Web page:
Props 27 and 29: what’s the big deal?


(Robyn Beck/AFP/Getty Images/TNS)

“I Voted” stickers at a polling station on the campus of the University of California, Irvine

Aaron Luna, Sports Editor

The ads are everywhere for Propositions 27 and 29. You’ve seen them on billboards and T.V. You’ve heard them on the radio and in music ads. They have been pestering you night and day, and yet you don’t know why. These are political advertising campaigns, ads that we always see around every election cycle. And with less than two weeks until the midterm elections, it’s time to be like Jerry Seinfeld and just ask the question: What’s the deal with Propositions 27 and 29?

For those who have not dealt with any of the aforementioned ads, there are two main issues. According to the Legislative Analyst’s Office- or L.A.O- Proposition 27 “Allows Online and Mobile Sports Wagering Outside Tribal Lands” and is an “Initiative Constitutional Amendment and Statute,” while Proposition 29 “Requires On-Site Licensed Medical Professional at Kidney Dialysis Clinics and Establishes Other State Requirements” and is an “Initiative Statute.” Both concern the well beings of others in the state, and provide some form of economic expenses for the Californian taxpayer.

Proposition 27 “requires tribes and gambling companies that offer online sports betting to make certain payments to the state for specific purposes.” If the proposition passes, it would have licensed tribes or gambling companies offer online sports betting over the Internet and mobile devices to people 21 years and older on non-tribal lands in California. In addition, those offering online sports betting would be required to pay the state a share of sports bets made, and a new state unit would be created to regulate online sports betting. Finally, new ways to reduce illegal online sports betting would be available. If rejected, sports betting will continue to be considered illegal in California, and no changes would be made to the state gambling laws. Some fiscal effects from the proposition would be an increase in state revenue- reaching no more than $500 million annually- an increase in state regulatory costs, which could depend on the amount of work and could potentially costs tens of millions of dollars, and other miscellaneous areas of revenue- such as an increase in out of state tourists and deals struck between tribes and local governments.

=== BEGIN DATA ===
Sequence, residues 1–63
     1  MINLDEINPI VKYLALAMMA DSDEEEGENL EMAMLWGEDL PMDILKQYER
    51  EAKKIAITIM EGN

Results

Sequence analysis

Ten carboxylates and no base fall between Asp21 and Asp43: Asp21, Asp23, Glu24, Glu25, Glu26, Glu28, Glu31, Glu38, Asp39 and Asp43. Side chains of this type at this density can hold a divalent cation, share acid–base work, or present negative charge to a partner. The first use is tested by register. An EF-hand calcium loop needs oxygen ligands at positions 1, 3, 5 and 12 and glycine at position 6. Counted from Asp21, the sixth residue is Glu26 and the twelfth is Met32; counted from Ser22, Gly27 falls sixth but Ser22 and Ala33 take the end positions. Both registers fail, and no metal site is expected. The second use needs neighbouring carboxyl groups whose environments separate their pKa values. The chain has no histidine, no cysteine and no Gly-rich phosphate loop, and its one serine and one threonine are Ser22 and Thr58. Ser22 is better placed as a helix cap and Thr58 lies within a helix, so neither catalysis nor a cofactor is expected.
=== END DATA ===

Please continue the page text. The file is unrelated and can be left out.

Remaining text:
Proposition 29 “gives duties to CDPH to implement and administer the proposition, including adopting regulations within one year after the law takes effect,” and “Requires Each Dialysis Clinic to Have a Physician, Nurse Practitioner, or Physician Assistant On-Site During All Treatment Hours.” If passed, the proposition would dictate that chronic dialysis clinics would be required to have a physician, nurse practitioner, or physician assistant on-site during all patient treatment hours. If rejected, dialysis clinics would not be required to have a physician, nurse practitioner, or physician assistant on-site during the patient’s treatment hours. The cost would vary from clinic to clinic, but would require hiring a new, more skilled physician. This would either have the clinics operate but with lower profit margins, or cause the less successful ones down. In addition, the proposition would increase overall Medi-Cal costs, and would overall cost the state and local governments tens of millions of dollars.

At the end of the day, it is important for you to not be affected or swayed heavily by the political ads in the media. Propositions 27 and 29 are important issues on the ballot for this year, and educating yourself on them could help you to make a more affirmative decision when casting your ballot.